Somewhat incomplete DeUHD review (+ tech info for people playing rips)

Hello. I’m currently working on ripping my copy of “T2 Trainspotting” and wanted to make a post. This is a work-in-progress, and I don’t know if I’ll be able to complete it without getting one of the free review licenses. (Let’s not kid ourselves. 199 € is a lot of money. Until some more titles get added, I’m not sure I can justify shelling out the money. Fingers crossed that my private request is fulfilled!)

First off, my system is a circa-2010, hand-built HTPC. I can look up all the exact specs later but it was a middle-of-the-road PC when I built it. In other words, other than the drive, this system is, in no way, ready to play UHD discs using PowerDVD/SGX. In even more words, yes, it looks like this software works as long as your system’s on Win10 and you have an appropriate drive. I can’t comment on whether or not this will work on Win7/Win8/Win8.1 but I’m sure others will.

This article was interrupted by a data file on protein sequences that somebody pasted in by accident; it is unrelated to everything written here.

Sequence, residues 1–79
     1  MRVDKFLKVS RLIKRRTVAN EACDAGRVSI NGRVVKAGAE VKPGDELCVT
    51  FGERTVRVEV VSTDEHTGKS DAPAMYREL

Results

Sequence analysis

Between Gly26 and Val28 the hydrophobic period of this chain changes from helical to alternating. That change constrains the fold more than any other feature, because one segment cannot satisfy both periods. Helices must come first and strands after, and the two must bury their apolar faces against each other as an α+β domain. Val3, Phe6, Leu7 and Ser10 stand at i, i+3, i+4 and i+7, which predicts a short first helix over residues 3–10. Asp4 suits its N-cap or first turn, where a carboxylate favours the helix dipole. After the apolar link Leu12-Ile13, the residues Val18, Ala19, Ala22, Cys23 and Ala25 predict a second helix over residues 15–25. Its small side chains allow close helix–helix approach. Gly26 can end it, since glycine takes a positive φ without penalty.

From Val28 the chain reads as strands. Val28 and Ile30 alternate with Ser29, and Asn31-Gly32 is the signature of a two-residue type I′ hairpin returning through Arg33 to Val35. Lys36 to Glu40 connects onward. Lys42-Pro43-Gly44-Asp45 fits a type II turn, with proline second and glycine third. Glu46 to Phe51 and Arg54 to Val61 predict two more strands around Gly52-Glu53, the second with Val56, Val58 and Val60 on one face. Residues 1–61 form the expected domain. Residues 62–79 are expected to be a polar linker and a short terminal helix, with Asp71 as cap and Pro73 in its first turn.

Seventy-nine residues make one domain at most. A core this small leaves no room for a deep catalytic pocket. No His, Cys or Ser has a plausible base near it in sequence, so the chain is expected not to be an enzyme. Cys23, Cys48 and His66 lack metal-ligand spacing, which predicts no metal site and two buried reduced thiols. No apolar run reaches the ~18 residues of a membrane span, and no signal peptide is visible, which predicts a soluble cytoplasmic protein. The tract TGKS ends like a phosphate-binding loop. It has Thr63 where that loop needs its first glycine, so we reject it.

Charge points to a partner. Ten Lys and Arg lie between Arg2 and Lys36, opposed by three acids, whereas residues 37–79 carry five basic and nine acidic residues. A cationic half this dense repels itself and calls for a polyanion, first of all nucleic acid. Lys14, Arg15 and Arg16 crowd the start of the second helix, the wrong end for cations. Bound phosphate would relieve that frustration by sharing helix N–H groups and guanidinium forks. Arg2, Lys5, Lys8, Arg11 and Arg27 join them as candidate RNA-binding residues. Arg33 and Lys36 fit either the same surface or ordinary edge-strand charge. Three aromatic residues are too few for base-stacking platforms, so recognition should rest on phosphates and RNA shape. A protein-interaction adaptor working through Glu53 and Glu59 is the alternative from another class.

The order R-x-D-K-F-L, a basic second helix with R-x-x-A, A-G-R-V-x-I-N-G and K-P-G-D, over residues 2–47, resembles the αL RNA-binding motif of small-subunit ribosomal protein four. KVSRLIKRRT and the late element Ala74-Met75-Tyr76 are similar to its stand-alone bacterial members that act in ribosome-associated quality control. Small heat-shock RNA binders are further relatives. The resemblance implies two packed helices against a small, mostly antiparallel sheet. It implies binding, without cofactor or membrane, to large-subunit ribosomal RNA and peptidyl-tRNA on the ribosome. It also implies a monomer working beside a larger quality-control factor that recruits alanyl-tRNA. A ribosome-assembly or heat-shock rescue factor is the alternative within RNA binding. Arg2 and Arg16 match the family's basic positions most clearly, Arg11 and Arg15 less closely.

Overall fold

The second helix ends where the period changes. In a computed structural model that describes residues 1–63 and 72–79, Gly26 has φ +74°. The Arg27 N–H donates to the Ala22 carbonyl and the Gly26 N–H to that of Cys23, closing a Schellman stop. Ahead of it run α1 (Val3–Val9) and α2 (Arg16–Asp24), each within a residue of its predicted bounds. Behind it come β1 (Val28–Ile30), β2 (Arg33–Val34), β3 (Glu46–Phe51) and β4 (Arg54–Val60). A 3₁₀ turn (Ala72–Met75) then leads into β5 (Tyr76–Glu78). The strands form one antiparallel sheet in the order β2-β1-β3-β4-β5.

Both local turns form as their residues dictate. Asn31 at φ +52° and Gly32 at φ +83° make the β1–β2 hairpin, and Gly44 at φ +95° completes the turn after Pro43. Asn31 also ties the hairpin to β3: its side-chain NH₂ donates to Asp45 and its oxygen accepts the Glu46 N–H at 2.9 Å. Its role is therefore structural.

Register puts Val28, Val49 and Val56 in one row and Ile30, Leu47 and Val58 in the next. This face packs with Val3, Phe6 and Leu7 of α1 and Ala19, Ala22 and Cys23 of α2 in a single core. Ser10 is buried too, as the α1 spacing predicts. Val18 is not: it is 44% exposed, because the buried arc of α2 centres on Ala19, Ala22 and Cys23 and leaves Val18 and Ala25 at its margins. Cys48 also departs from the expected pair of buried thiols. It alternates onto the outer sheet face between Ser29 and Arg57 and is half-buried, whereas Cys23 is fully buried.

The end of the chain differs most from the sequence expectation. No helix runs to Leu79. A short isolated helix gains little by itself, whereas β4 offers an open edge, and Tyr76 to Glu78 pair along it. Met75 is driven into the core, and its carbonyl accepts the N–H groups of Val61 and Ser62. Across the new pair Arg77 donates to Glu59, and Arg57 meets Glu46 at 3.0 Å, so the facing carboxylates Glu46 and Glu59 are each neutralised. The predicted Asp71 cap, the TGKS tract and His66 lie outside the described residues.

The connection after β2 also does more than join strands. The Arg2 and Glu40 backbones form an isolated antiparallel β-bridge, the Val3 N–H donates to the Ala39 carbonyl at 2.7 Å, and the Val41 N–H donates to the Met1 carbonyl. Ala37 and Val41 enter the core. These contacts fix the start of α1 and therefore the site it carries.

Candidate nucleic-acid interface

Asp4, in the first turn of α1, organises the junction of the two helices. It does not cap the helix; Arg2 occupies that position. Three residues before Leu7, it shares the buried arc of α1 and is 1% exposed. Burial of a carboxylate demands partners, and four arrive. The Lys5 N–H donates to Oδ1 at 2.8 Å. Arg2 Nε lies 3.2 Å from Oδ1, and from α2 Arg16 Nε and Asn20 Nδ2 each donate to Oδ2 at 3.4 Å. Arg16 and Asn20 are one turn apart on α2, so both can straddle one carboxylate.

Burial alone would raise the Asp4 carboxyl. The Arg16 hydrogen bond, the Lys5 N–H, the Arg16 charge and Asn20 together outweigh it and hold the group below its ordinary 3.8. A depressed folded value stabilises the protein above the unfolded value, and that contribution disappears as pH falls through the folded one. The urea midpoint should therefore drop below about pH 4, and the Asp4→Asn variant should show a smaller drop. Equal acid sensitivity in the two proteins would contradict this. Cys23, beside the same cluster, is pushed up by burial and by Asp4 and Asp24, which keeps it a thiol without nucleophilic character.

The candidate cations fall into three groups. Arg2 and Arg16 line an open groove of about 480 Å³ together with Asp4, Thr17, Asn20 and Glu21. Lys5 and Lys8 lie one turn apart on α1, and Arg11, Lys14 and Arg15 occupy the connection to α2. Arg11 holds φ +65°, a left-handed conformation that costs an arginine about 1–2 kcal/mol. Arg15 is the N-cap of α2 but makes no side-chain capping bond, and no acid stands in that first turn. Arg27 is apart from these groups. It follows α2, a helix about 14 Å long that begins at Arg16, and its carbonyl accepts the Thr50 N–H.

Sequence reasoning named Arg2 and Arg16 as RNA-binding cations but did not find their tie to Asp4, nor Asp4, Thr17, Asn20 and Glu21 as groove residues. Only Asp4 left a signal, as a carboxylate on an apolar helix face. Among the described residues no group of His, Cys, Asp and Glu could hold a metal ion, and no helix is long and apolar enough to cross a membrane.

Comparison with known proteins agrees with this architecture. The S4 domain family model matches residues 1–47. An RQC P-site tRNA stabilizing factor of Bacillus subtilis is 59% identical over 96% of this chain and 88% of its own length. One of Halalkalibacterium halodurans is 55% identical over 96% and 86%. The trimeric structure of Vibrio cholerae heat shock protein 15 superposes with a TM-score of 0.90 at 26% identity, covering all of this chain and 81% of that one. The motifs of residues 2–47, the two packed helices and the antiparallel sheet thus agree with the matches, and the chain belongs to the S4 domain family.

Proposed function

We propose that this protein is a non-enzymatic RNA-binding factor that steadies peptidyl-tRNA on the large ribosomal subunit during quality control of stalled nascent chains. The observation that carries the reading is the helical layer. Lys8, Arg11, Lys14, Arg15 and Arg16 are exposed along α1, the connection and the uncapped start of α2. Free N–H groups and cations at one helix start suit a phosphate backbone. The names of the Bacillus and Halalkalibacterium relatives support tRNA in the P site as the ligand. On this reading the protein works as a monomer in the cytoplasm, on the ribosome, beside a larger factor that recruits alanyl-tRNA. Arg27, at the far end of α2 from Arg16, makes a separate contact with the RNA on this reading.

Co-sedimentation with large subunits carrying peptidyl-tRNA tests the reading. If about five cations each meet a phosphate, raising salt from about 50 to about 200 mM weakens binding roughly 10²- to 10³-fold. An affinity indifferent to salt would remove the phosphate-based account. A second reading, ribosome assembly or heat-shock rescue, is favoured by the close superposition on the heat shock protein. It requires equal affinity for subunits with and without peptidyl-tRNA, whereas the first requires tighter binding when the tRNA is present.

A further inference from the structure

Now then, I have a WH16NS60 in a NexStar DX USB 3.0 enclosure. (I didn’t want to rip the current drive out of my HTPC.) I installed DeUHD and, after wrestling with the password (I don’t think the account allows passwords with special characters, just numbers and letters), I got it set up. I fired up the enclosure and put in the disc. After ~30 s spent reading the disc, DeUHD reported that it could decrypt the disc. I immediately started to rip to a drive. The rip is in-progress. It’s been ~2.5 hrs, with another 2.5 to go. The drive is slow but I don’t know if it’s the software, the usage of USB 3.0 (it’s plugged into a full 3.0 port), or something else.